January 2009 Archives

An Unheard of Silence


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This morning I stopped and listened to a silence in the world that I have never heard before. It was about 10-15 degrees, windless, a light fog hung all around the edges of the world.

The silence was startling in its completeness. No birds, cars, planes, people, machines, or wind. It was complete, total, and utter silence. There was not a single sound except my own heartbeat.

The only sign of life this morning was death.

I found a dead mole in the middle of the road. His whiskers still full of the ice crystals he made with his last breathes. He was curled in a comfortable ball- his fur lovely and rich in the early morning sun. What was he doing out there?

Mike came in the other night astounded that it was so quiet he had heard the 6 pm whistle blow in Clinton- 10+ miles away. Imagine standing in Highland Park, St. Paul and being able to hear a noise made in Edina.

Imagine being so surprised by a quiet world, having lived in it for 40 years. After a bit I hollered “I am here!? My voice echoed back- but I’m not sure off of what on this prairie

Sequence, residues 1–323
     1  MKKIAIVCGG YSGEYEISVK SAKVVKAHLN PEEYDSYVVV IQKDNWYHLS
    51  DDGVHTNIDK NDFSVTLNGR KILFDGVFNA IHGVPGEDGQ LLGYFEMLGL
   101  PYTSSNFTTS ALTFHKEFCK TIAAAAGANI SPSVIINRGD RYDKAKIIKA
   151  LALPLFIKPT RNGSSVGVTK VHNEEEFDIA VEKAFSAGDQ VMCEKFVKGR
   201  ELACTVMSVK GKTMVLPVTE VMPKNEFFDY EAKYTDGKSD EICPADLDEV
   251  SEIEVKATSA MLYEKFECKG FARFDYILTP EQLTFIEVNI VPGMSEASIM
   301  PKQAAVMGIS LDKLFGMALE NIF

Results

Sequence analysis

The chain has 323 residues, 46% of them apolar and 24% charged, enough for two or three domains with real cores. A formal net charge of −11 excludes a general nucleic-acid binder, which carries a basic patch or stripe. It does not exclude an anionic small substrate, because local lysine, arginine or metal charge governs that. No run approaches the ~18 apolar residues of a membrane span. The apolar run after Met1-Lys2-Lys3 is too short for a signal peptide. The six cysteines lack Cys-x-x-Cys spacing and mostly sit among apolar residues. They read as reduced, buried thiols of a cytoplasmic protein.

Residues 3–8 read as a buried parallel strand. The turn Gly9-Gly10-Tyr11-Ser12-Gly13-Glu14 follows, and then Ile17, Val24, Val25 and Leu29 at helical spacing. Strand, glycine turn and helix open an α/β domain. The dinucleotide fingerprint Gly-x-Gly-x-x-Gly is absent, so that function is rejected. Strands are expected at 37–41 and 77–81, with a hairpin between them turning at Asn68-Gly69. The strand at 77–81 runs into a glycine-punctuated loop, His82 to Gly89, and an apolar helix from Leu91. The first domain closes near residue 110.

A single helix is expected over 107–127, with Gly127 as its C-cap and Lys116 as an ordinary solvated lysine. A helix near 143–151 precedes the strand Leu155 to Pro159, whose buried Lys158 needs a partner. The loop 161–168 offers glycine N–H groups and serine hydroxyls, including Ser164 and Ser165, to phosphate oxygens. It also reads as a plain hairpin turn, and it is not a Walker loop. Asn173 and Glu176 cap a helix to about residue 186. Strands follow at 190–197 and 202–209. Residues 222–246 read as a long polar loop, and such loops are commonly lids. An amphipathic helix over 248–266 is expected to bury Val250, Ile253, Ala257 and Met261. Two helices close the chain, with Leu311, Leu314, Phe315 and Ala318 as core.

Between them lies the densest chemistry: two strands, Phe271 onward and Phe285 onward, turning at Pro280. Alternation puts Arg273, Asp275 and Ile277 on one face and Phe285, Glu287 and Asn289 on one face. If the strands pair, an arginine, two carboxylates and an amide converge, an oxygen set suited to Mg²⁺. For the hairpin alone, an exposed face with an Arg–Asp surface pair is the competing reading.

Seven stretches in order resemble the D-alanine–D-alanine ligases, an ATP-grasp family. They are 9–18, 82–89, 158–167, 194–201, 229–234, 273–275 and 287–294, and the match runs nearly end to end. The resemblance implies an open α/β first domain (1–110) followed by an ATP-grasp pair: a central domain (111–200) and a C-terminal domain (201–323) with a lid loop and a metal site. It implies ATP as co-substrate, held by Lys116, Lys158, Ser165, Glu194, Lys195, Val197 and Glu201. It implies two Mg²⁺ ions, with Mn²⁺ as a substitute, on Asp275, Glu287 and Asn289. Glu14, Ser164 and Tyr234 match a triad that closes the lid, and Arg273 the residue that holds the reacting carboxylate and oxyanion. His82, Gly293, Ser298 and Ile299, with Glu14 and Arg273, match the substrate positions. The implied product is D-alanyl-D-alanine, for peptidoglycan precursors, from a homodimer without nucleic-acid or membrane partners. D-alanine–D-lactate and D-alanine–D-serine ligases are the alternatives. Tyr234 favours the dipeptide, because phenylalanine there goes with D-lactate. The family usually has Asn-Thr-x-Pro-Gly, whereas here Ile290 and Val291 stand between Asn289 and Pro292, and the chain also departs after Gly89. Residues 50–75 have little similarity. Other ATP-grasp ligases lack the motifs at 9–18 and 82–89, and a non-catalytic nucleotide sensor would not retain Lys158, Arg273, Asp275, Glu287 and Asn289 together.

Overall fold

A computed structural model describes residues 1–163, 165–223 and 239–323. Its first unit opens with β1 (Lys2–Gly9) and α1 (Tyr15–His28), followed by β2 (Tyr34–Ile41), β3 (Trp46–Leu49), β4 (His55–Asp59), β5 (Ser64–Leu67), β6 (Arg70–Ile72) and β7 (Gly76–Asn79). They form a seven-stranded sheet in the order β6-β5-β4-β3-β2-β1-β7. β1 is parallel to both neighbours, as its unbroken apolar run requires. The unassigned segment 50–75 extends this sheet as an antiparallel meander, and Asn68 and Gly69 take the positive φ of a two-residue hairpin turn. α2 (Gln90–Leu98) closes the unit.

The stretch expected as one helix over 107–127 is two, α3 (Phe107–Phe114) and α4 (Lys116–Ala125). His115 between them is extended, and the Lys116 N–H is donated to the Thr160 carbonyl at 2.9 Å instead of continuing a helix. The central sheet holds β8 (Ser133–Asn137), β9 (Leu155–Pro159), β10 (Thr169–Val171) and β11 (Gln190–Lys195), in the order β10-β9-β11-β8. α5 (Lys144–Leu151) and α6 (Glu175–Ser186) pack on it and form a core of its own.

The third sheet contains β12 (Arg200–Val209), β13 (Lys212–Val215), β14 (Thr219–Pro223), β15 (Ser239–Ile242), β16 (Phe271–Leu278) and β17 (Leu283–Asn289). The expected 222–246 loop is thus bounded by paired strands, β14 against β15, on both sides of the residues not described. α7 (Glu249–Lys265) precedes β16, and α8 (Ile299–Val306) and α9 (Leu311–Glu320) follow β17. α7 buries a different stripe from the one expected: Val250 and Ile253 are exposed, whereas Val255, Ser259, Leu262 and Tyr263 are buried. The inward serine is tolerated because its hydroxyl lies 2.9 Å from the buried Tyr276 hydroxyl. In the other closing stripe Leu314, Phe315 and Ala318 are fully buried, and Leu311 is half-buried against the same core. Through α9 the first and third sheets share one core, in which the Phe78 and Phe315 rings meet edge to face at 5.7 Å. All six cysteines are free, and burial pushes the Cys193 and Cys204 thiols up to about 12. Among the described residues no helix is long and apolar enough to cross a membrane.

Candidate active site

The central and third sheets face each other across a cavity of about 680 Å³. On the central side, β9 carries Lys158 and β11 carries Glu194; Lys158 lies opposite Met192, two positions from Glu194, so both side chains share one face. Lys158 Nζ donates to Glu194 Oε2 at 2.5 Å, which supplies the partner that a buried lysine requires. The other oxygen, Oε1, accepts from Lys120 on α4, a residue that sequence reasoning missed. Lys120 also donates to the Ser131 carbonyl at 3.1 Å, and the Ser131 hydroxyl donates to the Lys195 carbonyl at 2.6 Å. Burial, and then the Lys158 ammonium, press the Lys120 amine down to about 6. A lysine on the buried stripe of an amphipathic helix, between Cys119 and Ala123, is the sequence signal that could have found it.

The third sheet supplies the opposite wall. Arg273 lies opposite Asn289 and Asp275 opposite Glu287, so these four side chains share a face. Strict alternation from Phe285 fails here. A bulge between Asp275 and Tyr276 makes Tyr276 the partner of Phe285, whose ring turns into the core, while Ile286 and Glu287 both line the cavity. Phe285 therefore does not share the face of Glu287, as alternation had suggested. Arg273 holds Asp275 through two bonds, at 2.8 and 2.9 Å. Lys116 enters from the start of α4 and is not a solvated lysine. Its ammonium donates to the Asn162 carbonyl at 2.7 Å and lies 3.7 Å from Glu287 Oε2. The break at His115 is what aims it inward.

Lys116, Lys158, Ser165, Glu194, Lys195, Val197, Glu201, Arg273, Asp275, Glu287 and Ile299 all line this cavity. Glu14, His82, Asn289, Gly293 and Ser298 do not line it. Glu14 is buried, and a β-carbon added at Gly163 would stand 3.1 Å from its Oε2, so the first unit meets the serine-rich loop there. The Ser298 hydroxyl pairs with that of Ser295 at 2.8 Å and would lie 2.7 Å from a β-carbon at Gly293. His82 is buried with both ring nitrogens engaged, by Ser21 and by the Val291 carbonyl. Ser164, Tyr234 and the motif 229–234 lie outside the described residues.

Walking on Water

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Ice on (yet) un-named pond on our road

I dreamt the other night that I was in the barn with Jens and Alma. It was warm and I had lost one boot. Jens was barefooted. It was getting very dark and I decide to run back to the house with the one boot and with Jens in my arms - feet wrapped. I ran throught the snow and then fell through the crust and up to my chest. I could see the yellow glow of the house lights close- but out of reach. Alma and Jens crawled across the crust and I tried to "swim" my way out of the snow.